The isolated mountain area quickly flourished and was even the location of the first tennis court in the Middle East. Broummana High School (BHS) continues to operate under the same principles of peace and goodwill till this day. It hosts numerous cultural and educational events throughout the year including the May festival, a summer retreat for children and an international tennis tournament.

BHS: +961 4 960 430 / 1 / 2


Deir Mar Chaaya

In 1700 the Antonin Maronite Order was founded in the Monastery of Mar Chaya by Patriarch Gabriel of Blaouza. The modern day structure is surrounded by several community based activities and meeting areas.

Before you reach the valley, the main road heading down is a popular walking track especially in summer. As you head uphill, you’ll find a small chapel on your right hand side, as well as an organic market with fresh produce and a small zoo.

All of the products sold in the store are grown and cultivated on the grounds, including a selection of wine from locally grown grapes. Dairy products are sourced from the numerous cows on the property and farm fresh eggs are always a treat to find each morning.

The kids will love watching the animals prance around, and when the weather gets warmer they can even go on a pony ride.

Contact: +961 4 862 813



Since the opening of the highway a few years ago, this mainly summer resort town has blossomed into a full-fledged community, with residents living all year round.

The name Baabdat is derived from the Aramaic words “beit abdutha” meaning the home of adoration. Famous locals include the former president of Lebanon, Emile Lahoud, film director Carmen Labaki, director/actress Nadine Labaki and Maxime Chaya – the first Lebanese to climb Everest.

The views from Baabdat are stunning. It has numerous historic churches like Saint Mamas Church built in the 16th century. For those that like exploring it also has many springs.

Before heading down to Beirut, stop by Azrak for an ice cream cone in Chamees and make the ride back, a refreshing one.


Seven Churches

On the Thursday before Easter known as Maundy or Holy Thursday, the washing of the feet is a traditional component of the celebration (symbolizing Jesus washing the Apostles’ feet) followed by an informal visit to seven churches. Those who follow tradition today usually need a car to embark on such a journey, but if you’re in the area of Broumana, you can do it by foot. Starting from Printania Palace Hotel, head straight through Broumana’s old town and the first church is Mar Gerius of the Greek Orthodox faith, followed by Mar Chaaya Maronite church.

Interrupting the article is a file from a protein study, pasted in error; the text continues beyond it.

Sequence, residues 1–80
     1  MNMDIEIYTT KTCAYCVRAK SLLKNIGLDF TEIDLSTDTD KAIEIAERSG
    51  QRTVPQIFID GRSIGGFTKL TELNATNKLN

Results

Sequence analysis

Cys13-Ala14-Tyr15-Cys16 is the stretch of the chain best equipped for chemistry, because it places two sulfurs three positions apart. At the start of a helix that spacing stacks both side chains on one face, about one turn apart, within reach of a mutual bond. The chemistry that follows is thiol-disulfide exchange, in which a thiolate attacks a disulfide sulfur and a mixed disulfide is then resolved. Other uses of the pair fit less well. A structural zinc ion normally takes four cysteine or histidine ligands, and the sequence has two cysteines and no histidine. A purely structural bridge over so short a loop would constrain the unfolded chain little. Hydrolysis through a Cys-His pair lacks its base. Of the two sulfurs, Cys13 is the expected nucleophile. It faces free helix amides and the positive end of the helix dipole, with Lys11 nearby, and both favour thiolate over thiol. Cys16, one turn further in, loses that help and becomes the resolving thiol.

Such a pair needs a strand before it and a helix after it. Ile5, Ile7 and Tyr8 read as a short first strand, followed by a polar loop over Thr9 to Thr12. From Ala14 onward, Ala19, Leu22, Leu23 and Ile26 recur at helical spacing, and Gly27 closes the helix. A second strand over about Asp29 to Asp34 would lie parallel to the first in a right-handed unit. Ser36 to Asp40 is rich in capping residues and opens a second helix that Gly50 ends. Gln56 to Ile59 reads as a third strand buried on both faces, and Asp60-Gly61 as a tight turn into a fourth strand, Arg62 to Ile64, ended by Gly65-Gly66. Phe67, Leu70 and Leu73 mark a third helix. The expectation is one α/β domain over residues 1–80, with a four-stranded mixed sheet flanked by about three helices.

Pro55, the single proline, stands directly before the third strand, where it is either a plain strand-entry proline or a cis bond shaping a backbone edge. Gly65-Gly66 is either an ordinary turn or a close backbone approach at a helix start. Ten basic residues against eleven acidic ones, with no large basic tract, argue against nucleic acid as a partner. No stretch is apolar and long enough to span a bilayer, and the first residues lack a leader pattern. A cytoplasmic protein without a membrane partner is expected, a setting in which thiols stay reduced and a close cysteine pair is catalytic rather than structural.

Continue walking to Mar Charbel church and you’ll see two very old chapels, both named Mar Gerius across the street. Your last stop here will be the Azarieh church located on the grounds of a school belonging to the Azarieh nun’s order.

A short hop to the main street is the location of the seventh and final church, Mar Elias in front of Farrouj el Achkar, where you’ll find the best chicken sandwiches in town.

Also see the Church of the Prophet Isaiah – the oldest structure in Broumana dating back to 333 B.C.

Municipality: +961 4 860 860

Try Farrouj el Achkar: +961 4 862 443

Getting there

The easiest way to get to this area of Metn (the mountains) is to take the Emile Lahoud highway from Nahr el Mot and get off on the Baabdat exit.

If you are near Sin el Fil, Beit Mery is easily accessible from the Mkalles roundabout. Get on the road heading east. You will drive through Mansourieh and Ain Saadeh before you reach Beit Mery on the mountain-top. Follow the road to Broumana and Baabdat, where you can take the highway heading back towards Beirut. The scenic road is even better on your way down with beautiful panoramic sea views.

Article edited on October 31, 2021